sshd will need it's various cryptographic keys to work. You will have to create those manually with the following commands:

$ cd /usr/local/jail/sshd/etc/ssh $ ssh-keygen -t rsa1 -b 1024 -f ssh_host_key -N '' $ ssh-keygen -t dsa -f ssh_host_dsa_key -N '' $ ssh-keygen -t rsa -f ssh_host_rsa_key -N ''

Next, the user database. We only really need the sshd user for privilege separation, but adding the root user adds some convenience (you'll see "root" as owner from your sftp client, instead of just "0". And since setting up an SFTP server without any users that can log into it is pointless, we'll add a demo user too. Run these commands to start editing the password database:

$ cd /usr/local/jail/sshd/etc $ touch master.passwd $ vipw -d .

Now put the following text into the file:

root:*:0:0::0:0:Charlie &:/var/empty:/nonexistant sshd:*:22:22::0:0:Secure Shell Daemon:/var/empty:/nonexistant demo:$1$vxSehNoK$f9nzu9ST82N6pET2iW2Gm0:65000:65000::0:0:Demo User:/home/demo:/libexec/sftp-server

A couple of notes: you'll see that root's passwd entry is non-functional: he has no shell and no password. That's ok, we don't need to log in as root. The password for the demo user is "demo". I've generated the password hash by running:

$ openssl passwd -1 demo

We'll need to create the home directory for the demo user, or logging in won't work. If you just want people to be able to download from your SFTP server, leave root as demo's home directory's owner, so demo can't write to it. Otherwise, give demo ownership (or create an "upload" directory, and only give demo ownership of that directory). We'll keep it simple for now:

$ cd /usr/local/jail/sshd $ mkdir home $ mkdir home/demo

Now the jail should be ready for action!

3. Start Scripts

To start the jailed sshd, we need to do thee things: Mount /dev inside the jail, run jail jail(8) and alias the jail's IP address to a network interface. To facilitate this process, we're going to create a startup script, that also allows us to gracefully stop the jail.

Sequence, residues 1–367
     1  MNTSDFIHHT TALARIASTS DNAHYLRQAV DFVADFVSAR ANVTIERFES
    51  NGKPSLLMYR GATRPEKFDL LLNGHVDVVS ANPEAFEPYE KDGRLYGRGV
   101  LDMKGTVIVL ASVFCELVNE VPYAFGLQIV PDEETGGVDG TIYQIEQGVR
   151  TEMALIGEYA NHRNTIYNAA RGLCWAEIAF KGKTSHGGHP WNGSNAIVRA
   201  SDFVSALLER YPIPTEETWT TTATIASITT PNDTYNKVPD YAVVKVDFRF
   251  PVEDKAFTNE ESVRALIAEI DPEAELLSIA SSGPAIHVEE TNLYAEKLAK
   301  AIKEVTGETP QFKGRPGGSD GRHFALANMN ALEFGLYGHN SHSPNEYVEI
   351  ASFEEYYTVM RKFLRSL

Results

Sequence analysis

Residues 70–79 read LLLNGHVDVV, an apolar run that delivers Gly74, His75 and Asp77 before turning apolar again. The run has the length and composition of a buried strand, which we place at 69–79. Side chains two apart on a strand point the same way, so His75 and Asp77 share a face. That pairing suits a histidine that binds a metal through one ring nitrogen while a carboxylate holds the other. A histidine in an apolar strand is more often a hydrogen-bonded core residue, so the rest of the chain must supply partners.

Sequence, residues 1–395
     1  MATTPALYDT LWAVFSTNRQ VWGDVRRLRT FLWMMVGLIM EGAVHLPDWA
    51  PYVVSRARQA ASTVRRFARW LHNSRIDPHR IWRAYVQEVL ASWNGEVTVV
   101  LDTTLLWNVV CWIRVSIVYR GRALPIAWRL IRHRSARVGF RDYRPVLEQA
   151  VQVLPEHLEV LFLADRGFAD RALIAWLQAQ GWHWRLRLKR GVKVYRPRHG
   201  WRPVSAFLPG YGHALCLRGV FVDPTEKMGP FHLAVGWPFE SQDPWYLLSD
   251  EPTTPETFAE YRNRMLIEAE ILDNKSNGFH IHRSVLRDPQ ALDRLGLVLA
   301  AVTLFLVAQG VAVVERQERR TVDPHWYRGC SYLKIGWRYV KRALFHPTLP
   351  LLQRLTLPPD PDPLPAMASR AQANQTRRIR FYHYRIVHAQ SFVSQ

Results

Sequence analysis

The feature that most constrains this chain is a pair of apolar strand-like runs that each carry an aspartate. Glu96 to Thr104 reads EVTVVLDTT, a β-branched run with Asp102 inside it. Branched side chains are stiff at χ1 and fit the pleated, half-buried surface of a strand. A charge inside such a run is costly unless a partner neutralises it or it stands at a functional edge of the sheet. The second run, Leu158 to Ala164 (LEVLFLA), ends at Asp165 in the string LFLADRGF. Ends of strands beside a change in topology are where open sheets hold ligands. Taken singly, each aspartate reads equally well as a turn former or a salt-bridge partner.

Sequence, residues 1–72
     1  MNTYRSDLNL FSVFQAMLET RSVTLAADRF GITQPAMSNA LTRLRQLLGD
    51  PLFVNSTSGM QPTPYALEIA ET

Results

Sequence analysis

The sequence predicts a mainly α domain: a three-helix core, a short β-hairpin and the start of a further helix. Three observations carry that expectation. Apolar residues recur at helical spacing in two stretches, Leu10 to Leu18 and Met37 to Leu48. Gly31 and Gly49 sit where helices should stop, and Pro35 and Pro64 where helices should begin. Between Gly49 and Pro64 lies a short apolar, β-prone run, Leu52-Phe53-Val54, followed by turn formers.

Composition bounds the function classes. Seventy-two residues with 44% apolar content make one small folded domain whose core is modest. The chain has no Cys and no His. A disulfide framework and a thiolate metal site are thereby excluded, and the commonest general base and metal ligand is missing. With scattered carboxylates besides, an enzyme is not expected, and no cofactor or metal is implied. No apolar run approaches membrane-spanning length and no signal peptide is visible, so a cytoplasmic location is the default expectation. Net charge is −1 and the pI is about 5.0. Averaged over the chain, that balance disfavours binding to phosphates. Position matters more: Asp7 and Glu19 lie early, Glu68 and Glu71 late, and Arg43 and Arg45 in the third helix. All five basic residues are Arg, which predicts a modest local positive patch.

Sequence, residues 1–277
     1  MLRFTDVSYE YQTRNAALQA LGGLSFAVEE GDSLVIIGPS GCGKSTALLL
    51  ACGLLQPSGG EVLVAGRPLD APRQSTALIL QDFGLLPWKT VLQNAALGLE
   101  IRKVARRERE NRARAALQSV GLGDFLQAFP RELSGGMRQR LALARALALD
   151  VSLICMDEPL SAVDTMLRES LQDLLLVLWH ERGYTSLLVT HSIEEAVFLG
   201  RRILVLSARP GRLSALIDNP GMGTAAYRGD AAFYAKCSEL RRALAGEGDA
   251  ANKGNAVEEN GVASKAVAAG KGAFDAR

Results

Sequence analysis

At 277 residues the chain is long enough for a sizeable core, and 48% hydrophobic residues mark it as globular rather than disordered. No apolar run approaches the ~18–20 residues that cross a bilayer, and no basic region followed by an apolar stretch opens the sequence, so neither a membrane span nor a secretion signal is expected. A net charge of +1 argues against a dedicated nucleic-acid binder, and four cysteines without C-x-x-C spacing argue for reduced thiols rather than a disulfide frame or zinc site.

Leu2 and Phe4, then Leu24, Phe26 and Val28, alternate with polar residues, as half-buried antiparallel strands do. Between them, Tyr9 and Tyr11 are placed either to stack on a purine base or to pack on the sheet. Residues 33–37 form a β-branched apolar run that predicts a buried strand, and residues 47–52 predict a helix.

First, Here's a file containing the start stop routines: jail.subr. Copy it into /usr/local/etc/rc.d. Next, create a new file, /usr/local/etc/rc.d/jail-sshd.sh and load it into an editor. Then put the following text into it:

#! /bin/sh jail_if="vr0" jail_dir="/usr/local/jail/sshd" jail_devdir="/usr/local/jail/sshd/dev" jail_devfs_rules="hide path *random* unhide path null unhide" jail_hostname="jail-sshd" jail_ip="10.0.10.194" jail_command="/bin/sshd" pid_file="/usr/local/jail/sshd/var/run/sshd.pid" . /usr/local/etc/rc.d/jail.subr

You'll need to adjust the values to match your system:

Now make the script executable with:

$ chmod 755 /usr/local/etc/rc.d/jail-sshd.sh

Some additional notes: We're mounting a devfs into the jail. Since this exposes all devices nodes inside the jail, We also specify a ruleset that shows just the few nodes necessary to run sshd: /dev/random, /dev/urandom and /dev/null.

Alright, that's it! You can now start your jailed SFTP server with:

$ /usr/local/etc/rc.d/jail-sshd.sh start

Only the demo user will be able to log in, and he'll only be able to do so with an SFTP client. SSH access is disabled. He will be able to browse around the file system inside the jail, but there will be nothing interesting to see.

4. Notes

Copyright © 2005 Benjamin Lutz

Permission is granted to copy, distribute and/or modify this document under the terms of the Creative Commons Attribution 2.0 license.

5. Changelog